Risk Management for Small Businesses: Training for Fire Safety, Emergency Response, and Hazardous Materials

Posted by | Thursday, December 01, 2016
Risk Management for Small Businesses: Training for Fire Safety, Emergency Response, and Hazardous Materials

Ensuring a safe work environment for staff members is a critical piece of risk management planning for new businesses. While some industries have specific risks and planning needs in this area, many issues in running a safe workplace are universal.

Fire Safety: Buildings should have standard fire safety equipment, but businesses need to make sure any employees who are disabled or have issues with access or movement can hear or see alarms and have knowledge of their emergency egress route. Any workspace that has employees who can't reach the standard fire alarms should have lower alarms set into the walls. Any employee in a wheelchair who works on an upper level of a building should have training for how to access an emergency elevator that will work in the event of a fire. Training for all employees, including senior management, should include location and working knowledge of fire extinguishers and procedures.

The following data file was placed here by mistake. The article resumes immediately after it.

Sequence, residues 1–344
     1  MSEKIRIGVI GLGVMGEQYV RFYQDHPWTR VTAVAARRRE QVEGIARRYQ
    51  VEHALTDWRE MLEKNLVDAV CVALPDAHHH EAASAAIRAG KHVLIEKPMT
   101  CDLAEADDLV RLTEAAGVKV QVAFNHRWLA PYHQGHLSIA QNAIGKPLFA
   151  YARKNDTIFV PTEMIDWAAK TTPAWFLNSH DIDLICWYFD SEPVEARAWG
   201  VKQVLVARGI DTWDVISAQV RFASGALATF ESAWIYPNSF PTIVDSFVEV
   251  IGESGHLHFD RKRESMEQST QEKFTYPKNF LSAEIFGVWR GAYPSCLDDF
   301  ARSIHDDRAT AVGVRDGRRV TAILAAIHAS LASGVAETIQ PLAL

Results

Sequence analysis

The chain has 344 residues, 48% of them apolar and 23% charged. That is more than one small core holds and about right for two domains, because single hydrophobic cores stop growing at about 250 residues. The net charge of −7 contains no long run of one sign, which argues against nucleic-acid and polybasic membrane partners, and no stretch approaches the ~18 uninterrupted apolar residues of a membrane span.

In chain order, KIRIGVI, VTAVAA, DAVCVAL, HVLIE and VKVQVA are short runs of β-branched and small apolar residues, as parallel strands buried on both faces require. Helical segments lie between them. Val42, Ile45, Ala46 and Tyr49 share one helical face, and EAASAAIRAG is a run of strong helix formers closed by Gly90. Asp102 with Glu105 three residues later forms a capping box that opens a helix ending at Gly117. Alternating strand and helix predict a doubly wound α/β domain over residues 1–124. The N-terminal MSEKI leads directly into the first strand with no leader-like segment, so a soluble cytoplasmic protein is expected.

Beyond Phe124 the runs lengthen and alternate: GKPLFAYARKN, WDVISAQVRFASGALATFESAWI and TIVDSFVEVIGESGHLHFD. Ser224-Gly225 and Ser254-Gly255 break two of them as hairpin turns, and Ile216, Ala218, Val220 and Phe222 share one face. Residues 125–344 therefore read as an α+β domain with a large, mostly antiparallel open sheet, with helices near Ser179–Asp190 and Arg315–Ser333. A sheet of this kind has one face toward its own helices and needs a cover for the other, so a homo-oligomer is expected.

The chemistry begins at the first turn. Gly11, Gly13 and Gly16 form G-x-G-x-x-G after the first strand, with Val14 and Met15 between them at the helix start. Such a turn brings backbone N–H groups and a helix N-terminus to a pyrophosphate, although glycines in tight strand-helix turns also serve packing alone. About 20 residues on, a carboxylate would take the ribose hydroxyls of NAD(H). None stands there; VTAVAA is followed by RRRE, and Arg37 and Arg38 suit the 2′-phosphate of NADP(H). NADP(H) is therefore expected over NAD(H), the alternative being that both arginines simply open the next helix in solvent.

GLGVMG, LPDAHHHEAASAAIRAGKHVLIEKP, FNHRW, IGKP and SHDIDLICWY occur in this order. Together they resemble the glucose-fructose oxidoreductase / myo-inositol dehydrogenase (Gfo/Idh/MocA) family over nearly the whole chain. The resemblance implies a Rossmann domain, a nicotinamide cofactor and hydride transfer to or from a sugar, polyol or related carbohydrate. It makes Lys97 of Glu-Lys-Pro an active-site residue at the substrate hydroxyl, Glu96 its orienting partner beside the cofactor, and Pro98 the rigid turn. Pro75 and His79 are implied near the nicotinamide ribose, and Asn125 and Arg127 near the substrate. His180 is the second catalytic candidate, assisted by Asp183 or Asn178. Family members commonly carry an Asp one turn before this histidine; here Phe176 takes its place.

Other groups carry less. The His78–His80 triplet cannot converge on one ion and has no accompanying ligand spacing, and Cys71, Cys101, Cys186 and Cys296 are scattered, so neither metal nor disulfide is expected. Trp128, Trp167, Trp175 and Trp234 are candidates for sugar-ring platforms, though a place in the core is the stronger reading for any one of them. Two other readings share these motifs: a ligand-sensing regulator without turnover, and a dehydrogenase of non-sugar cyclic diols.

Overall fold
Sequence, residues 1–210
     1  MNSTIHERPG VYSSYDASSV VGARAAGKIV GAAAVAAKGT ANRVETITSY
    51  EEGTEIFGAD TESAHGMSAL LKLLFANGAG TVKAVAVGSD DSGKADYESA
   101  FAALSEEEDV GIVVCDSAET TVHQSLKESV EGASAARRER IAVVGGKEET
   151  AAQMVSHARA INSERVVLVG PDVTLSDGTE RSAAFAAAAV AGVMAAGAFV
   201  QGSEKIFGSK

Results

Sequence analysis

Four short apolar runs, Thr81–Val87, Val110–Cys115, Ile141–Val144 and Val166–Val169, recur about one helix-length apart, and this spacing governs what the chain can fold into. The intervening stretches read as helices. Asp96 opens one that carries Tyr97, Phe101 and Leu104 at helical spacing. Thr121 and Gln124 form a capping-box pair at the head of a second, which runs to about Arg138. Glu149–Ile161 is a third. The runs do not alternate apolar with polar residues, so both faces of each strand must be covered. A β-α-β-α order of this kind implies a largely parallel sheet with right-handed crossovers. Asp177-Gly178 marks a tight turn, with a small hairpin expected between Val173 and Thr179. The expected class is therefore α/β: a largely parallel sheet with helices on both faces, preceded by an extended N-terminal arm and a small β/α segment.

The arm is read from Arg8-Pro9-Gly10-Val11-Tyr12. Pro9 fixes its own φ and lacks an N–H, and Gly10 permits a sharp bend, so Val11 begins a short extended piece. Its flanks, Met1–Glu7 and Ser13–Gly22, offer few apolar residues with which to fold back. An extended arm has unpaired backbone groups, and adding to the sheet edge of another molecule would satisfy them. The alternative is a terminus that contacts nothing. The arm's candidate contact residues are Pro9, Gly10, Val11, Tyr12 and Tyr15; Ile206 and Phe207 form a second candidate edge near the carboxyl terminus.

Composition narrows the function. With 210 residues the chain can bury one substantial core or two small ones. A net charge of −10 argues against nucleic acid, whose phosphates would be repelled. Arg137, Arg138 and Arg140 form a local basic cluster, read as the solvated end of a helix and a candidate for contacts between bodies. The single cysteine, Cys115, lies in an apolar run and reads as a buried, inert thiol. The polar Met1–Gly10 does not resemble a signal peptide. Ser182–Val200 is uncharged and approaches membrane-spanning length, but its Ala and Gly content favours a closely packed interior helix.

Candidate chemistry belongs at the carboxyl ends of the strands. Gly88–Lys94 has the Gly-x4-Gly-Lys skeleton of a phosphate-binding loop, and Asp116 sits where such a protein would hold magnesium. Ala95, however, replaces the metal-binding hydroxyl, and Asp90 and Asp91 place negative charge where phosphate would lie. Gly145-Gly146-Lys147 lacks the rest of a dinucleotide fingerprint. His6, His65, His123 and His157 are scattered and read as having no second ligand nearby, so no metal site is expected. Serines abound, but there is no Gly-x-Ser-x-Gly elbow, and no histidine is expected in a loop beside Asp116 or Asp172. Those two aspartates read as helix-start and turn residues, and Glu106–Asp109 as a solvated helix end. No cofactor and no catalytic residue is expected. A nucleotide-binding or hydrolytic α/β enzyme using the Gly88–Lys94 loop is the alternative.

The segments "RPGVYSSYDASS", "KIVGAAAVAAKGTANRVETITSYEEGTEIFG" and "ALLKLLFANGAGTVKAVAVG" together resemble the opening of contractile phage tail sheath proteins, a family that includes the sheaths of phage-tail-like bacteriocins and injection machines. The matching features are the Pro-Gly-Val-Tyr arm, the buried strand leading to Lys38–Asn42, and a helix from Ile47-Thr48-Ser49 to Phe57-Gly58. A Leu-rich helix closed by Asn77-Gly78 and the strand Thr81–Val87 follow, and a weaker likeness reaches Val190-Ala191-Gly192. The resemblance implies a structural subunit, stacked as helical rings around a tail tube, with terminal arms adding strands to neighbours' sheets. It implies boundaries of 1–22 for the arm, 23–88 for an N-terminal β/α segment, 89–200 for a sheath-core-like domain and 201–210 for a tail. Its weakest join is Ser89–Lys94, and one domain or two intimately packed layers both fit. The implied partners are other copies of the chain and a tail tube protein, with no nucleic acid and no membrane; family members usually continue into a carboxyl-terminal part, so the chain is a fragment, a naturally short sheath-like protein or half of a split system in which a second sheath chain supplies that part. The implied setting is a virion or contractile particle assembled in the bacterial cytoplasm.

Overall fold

Procedures in the event of a workplace emergency should be practiced during training cycles. Critical pieces of emergency action plans include communication, plans for emergency egress, and assistance plans for employees with disabilities.

Hazardous Materials: Every workplace, even a typical office, can cause exposure to materials that can be dangerous to human health. MSDS Sheets, Material Safety Data Sheets, should be present in the workplace and easily available to cover any product, including cleaning supplies, that have the potential for human harm. New employee orientation and training cycles should include how employees can access this information.

All employees should have access to safety equipment that works and fits.

More structure is needed for workplaces that have significant exposure to chemicals, ionizing radiation, or biological materials. When structuring plans to keep workers safe, consideration should be given to reproductive exposures for women of child-bearing age, and the possibility of exposures on clothing being transferred to household members, including children. Protecting women during pregnancy and children from the effects of dangerous chemical and biological agents is a critical piece of risk management planning. Protective gear, safety oversight to make sure safety gear is worn properly, locker rooms with showers, and education on safe handling and prevention of transfer of exposure from workplace to home are all critical risk management tasks. Training should address risks to human health in the workplace, so workers can also participate in keeping themselves, each other, and their families safe.

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